Matilda's question about "time's a-flying"
reminds me to ask about the term
"It's a-OK" (or should it be "It's A-OK"?)
The "A" is just a regionalism, or
it is "A" as in "A grade" (top grade)?
Enquiring minds want to know. :)
It could also stand for ALL OK.
Because I was offering an opinion and not a fact. I wasn't sure if my suggestion was correct or not.
Thank you Tom Slocombe.
And for your opinion, Red 5. :)
Talking about "OK" I read somewhere that OK was
Andrew Jackson's (US President) way of saying "all correct".
Don't know if this is true.
(Jackson was supposed to be a poor speller.
I like a quotation attributed to him - "It is a damn poor mind that
can spell a word only in one way.") :)
I have also heard it told that it comes from illiterate American dockers who would scrawl Orl Krect onto the side of ships after loading or unloading.
If would prefer to be overly grammatically correct, you should always use 'okay'. However it is not a largely important thing. With english there are countless rules that are hardly ever applied to writing or speech.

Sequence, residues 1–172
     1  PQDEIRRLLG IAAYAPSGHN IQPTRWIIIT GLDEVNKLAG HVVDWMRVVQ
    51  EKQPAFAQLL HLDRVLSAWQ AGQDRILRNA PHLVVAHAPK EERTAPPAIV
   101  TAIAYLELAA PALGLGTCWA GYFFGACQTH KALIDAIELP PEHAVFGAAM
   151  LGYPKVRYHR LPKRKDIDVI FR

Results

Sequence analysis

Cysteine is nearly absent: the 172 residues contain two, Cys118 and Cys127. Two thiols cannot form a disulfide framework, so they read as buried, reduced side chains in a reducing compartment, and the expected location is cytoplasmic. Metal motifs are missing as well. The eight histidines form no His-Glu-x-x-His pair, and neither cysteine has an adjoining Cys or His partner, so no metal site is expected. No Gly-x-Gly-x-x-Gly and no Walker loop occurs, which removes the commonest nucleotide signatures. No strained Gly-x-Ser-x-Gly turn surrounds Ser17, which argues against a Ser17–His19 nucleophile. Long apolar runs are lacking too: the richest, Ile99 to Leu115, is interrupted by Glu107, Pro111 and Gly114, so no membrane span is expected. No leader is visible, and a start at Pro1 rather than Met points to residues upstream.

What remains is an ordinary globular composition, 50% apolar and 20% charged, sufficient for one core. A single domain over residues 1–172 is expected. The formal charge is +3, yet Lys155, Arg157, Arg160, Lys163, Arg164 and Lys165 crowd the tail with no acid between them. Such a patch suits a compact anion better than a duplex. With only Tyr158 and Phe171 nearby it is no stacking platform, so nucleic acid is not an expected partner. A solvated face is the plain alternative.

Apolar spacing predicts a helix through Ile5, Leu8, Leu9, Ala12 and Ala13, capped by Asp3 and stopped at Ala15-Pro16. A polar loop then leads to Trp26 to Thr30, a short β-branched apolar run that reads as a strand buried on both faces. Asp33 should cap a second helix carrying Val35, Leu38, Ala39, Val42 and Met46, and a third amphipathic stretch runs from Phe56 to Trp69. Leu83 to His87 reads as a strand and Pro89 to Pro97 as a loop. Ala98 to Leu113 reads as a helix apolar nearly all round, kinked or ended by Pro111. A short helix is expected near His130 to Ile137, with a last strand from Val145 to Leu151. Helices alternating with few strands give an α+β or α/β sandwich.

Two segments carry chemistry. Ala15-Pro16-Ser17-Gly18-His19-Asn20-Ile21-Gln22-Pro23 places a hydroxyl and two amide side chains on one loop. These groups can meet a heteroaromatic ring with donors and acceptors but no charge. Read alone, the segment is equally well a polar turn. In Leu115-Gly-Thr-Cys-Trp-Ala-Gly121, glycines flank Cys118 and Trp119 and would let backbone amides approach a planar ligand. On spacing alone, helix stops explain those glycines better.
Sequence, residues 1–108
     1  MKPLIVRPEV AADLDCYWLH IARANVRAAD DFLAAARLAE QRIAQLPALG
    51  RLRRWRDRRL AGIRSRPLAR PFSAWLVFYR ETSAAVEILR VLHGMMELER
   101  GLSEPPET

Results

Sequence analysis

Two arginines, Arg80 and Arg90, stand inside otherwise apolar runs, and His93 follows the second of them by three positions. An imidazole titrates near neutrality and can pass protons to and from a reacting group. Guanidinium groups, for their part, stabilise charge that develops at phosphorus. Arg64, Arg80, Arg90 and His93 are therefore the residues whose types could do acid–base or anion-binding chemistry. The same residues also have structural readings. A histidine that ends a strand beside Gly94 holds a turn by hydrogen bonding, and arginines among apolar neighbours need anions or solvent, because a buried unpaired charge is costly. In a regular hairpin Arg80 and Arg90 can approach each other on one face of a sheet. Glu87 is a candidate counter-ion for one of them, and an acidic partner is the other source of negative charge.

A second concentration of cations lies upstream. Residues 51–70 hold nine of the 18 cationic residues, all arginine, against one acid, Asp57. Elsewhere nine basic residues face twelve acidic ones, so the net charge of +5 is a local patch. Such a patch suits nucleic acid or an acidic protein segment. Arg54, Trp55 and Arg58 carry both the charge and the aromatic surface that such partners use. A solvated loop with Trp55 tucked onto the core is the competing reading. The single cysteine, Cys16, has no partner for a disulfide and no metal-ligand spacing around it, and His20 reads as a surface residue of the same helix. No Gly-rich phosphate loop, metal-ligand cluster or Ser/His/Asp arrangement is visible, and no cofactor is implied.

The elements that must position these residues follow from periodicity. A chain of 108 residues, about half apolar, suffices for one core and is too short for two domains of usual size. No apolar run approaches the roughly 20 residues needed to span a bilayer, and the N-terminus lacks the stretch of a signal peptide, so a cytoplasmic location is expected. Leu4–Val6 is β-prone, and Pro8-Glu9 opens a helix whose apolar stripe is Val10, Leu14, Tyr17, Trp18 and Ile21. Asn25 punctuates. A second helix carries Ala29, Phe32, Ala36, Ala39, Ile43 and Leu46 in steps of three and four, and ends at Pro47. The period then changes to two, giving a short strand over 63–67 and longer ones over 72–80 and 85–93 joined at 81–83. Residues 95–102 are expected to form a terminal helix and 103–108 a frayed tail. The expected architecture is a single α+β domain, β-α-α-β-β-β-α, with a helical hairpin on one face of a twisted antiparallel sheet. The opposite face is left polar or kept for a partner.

making an observation. If "okay" was not a word "originally"
(meaning that it came into being as a way of writing OK),
it was probably considered a neologism at one point (this is
just my conjecture). Today, we see things like
"FYI", "ASAP" in office memos in the US.
It would be interesting to see how the language
changes especially with the younger generation using
"u" and "ur" in messages and emails. The "older" generation
may frown upon such usage, especially in formal communication
(and I have seen these exact words in office emails), but
the more people use it, the more the chances that it will
creep in whether we like it or not. I remember reading
some quotation about how the progress of the world
is dependent not on the logical or the reasonable people
but rather the unreasonable ones. At the risk of
digressing, the recent world events definitely seem to
bear this out. The unreasonable ones are the ones causing
changes in the world.
Another point I wanted to mention is that even though
I understand and agree that many rules are hardly applied
in writing or in speech, it is a challenge for non-native
speakers to know this, and so they tend to stick to learning
grammatically correct forms. And many a times, it is not
the choice of the student but the teacher makes them learn
these rather than the natural form, most likely because the
teacher him/herself is not familiar with the natural forms, having
studied/learned from books written and taught by an earlier